Rest, Ice, Compression, and Elevation (RICE)

Topic Overview

As soon as possible after an injury, such as a knee or ankle sprain, you can relieve pain and swelling and promote healing and flexibility with RICE—Rest, Ice, Compression, and Elevation.

  • Rest. Rest and protect the injured or sore area. Stop, change, or take a break from any activity that may be causing your pain or soreness.
  • Ice. Cold will reduce pain and swelling. Apply an ice or cold pack right away to prevent or minimize swelling. Apply the ice or cold pack for 10 to 20 minutes, 3 or more times a day. After 48 to 72 hours, if swelling is gone, apply heat to the area that hurts. Do not apply ice or heat directly to the skin. Place a towel over the cold or heat pack before applying it to the skin.
  • Compression. Compression, or wrapping the injured or sore area with an elastic bandage (such as an Ace wrap), will help decrease swelling. Don't wrap it too tightly, because this can cause more swelling below the affected area. Loosen the bandage if it gets too tight. Signs that the bandage is too tight include numbness, tingling, increased pain, coolness, or swelling in the area below the bandage. Talk to your doctor if you think you need to use a wrap for longer than 48 to 72 hours; a more serious problem may be present.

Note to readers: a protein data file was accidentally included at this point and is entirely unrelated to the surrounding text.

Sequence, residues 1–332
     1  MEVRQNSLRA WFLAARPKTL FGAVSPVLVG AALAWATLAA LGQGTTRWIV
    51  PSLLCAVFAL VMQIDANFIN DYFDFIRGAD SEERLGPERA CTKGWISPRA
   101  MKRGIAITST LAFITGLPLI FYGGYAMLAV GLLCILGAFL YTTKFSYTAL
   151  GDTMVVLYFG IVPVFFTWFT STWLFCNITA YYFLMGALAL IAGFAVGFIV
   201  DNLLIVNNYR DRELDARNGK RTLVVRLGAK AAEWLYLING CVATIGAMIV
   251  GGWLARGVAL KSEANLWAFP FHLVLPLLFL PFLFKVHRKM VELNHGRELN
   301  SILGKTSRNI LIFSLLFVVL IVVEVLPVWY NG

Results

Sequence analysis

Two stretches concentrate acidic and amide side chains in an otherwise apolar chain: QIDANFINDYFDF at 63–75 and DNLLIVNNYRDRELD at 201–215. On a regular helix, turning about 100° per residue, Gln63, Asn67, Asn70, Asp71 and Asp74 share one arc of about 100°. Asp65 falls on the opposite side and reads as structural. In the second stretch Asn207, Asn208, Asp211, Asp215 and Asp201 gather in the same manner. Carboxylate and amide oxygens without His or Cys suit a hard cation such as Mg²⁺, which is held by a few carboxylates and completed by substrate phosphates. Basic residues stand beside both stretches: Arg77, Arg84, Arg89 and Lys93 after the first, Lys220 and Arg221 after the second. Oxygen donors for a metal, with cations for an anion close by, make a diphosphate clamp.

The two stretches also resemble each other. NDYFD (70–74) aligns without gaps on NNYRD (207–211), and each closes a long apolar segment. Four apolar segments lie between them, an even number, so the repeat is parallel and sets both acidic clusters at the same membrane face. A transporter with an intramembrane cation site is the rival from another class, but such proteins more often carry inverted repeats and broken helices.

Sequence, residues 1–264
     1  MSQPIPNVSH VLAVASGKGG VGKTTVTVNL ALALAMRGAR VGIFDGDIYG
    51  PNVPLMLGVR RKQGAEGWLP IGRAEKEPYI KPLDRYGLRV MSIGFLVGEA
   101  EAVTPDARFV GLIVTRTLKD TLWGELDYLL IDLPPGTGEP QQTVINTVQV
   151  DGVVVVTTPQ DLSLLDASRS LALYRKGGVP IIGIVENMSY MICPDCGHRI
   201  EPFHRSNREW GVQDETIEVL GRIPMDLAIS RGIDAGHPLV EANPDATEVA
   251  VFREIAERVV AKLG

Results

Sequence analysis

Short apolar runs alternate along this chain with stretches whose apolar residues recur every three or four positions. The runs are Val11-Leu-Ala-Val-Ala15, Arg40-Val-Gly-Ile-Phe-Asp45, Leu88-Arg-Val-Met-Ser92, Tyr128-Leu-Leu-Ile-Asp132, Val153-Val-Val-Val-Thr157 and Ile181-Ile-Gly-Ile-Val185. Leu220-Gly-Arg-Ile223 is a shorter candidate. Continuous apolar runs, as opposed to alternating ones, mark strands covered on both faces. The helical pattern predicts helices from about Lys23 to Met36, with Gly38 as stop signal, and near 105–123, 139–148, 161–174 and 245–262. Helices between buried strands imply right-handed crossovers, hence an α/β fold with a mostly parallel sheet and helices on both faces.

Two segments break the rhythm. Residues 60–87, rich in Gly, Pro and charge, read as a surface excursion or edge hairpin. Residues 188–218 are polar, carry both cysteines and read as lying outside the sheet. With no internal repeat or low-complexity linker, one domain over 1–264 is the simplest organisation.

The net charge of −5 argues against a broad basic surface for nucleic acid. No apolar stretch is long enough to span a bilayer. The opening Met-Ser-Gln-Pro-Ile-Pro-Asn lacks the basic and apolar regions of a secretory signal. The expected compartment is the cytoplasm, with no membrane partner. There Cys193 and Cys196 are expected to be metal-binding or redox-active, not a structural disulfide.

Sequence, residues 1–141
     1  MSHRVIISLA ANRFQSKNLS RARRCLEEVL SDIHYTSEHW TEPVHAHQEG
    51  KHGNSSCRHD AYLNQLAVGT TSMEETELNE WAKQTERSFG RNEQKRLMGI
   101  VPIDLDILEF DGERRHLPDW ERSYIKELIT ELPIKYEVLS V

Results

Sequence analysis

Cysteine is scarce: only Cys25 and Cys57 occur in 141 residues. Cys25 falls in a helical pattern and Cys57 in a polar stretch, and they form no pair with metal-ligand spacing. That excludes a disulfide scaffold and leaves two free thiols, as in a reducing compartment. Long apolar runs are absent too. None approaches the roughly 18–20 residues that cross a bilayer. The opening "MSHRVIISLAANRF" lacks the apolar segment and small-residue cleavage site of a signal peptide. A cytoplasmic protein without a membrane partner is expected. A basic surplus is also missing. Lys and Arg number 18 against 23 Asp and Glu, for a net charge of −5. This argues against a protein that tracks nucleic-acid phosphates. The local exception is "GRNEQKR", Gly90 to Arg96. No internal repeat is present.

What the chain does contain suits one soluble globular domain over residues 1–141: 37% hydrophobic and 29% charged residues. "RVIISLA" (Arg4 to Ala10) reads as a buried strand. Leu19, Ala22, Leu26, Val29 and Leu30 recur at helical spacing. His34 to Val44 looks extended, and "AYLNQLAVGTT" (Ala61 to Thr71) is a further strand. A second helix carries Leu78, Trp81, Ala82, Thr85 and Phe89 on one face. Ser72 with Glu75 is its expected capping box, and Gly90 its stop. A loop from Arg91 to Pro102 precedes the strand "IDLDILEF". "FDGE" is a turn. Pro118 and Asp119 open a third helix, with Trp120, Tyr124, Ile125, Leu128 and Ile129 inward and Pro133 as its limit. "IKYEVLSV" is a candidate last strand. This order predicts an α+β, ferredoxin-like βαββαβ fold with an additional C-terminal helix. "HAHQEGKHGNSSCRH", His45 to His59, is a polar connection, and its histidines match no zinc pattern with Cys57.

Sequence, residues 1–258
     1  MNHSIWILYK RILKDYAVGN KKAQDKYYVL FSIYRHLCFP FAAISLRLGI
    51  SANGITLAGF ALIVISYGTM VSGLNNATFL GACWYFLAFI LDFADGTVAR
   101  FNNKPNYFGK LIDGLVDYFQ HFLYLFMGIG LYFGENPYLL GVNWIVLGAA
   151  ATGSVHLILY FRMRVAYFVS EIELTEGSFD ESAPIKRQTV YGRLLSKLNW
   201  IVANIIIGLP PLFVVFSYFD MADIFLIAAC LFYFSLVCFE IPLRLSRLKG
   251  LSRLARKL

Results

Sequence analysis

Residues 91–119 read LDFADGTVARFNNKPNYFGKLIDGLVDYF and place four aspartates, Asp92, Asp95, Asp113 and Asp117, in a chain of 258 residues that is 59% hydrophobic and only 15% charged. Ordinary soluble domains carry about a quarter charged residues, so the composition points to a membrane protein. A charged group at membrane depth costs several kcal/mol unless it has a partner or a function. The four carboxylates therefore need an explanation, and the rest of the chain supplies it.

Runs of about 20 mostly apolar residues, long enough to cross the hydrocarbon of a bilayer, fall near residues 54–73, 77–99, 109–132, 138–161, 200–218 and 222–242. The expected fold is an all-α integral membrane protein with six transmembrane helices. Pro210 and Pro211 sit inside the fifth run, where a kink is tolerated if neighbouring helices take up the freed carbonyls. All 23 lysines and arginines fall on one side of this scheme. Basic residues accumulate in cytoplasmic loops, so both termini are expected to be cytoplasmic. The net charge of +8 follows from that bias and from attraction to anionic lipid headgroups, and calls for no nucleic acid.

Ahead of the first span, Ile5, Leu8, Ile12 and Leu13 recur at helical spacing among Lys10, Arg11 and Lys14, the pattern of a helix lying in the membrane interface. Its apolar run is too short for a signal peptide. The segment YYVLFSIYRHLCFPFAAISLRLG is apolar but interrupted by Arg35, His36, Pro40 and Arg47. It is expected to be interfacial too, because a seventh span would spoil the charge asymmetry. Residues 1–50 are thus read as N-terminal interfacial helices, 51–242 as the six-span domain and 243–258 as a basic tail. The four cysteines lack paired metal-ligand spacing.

• Elevation. Elevate the injured or sore area on pillows while applying ice and anytime you are sitting or lying down. Try to keep the area at or above the level of your heart to help minimize swelling.

Nonsteroidal anti-inflammatory drugs (NSAIDs) may also help relieve your pain and swelling. They include:

  • Ibuprofen, such as Advil or Motrin.
  • Naproxen, such as Aleve or Naprosyn.

Do not give aspirin to anyone younger than 20 because of the risk of Reye syndrome.

When your soreness and pain are gone, begin stretching and strengthening exercises slowly, then gradually increase these exercises.

Credits

By Healthwise Staff
Primary Medical Reviewer William H. Blahd, Jr., MD, FACEP - Emergency Medicine
Specialist Medical Reviewer David Messenger, MD
Last Revised October 11, 2012

Last Revised: October 11, 2012

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